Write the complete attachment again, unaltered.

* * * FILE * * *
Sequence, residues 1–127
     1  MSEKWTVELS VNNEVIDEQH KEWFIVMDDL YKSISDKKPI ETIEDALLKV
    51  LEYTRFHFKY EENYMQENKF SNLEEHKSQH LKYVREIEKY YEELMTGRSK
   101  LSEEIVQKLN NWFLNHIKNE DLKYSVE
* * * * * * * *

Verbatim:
Sequence, residues 1–127
     1  MSEKWTVELS VNNEVIDEQH KEWFIVMDDL YKSISDKKPI ETIEDALLKV
    51  LEYTRFHFKY EENYMQENKF SNLEEHKSQH LKYVREIEKY YEELMTGRSK
   101  LSEEIVQKLN NWFLNHIKNE DLKYSVE